Tag Archives: autumn

Skiing in Verbier commences this Friday …

There is about a foot of snow in the north bowl down to Lac de Vaux.

With the lifts opening in Verbier on Friday I decided to hike up to Attelas this weekend to have a look at how much snow is in the Lac de Vaux bowl.

We parked at Le Carrefour and hiked up under the new detachable six-man chair lift that has replaced the old La Combe and Mayentzet chairs. All work on the new lift is now concentrated on the base station. The pylons, the lift cable and the top station are all completed. Linking up with the Funispace, Les Attelas and Chaux-Express, this new high-speed lift called La Combe 1 is going to prove a great alternative to Médran as an access to the mountain. See the full Verbier lift map here. Below are some images of the new lift …

From Ruinettes we decided to pick the direct route up to Attelas and climbed under Les Attelas (commonly called the ‘James Blunt lift’) . The steep, sometimes hair-raising pitch, finally gave way to the somewhat flatter boulder-field gulley and it was here, bathed in sunshine, that we were rewarded for our route selection. Circumambulating the rocky outcrop above us, we spotted a majestic Ibex. As I clambered up another steep pitch to try and get a better angle of him, he gracefully obliged, posed for a few more minutes and then disappeared around the corner.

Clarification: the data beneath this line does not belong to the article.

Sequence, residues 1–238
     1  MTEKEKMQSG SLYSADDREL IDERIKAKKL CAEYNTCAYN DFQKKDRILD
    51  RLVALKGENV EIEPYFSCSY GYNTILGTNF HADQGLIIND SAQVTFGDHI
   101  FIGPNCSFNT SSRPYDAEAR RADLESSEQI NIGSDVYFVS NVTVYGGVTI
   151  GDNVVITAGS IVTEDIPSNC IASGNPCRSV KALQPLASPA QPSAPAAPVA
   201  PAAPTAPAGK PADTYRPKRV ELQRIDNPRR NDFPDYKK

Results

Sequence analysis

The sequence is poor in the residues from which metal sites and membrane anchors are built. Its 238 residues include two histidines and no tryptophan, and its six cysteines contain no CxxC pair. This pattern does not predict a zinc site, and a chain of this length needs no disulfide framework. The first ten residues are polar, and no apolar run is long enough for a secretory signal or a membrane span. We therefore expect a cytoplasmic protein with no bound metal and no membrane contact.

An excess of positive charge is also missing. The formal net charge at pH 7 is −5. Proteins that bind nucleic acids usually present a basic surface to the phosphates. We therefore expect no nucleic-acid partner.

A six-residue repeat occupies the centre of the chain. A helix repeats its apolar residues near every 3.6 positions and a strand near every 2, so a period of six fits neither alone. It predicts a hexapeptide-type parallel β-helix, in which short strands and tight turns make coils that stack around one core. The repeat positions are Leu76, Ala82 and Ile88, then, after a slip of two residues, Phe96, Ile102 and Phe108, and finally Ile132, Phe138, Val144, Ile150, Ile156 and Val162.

Alpine Ibex.

With little to no snow on the sun-drenched slopes heading up to Attelas and no snow in the forecast, I began wondering how skiing was going to be possible at Lac de Vaux this coming weekend. But the sheltered and noth-facing bowl, in contrast, has some decent coverage, no doubt aided by hard-working snow canons. There is about a foot of snow in the bowl down toward the lake. Don’t bring your best skis out this weekend, but there is enough to get a few turns in.

From here, we completed the loop around the Attelas peak and hiked to Col de Mines noting a number of small releases into Valon D’Arbi en-route. Emerging at the col in the late afternoon sun, the fiery colours of autumn beckoned us back down to Verbier.

Photographs by Barry Cox.

 

Trout fishing in Lac de Louvie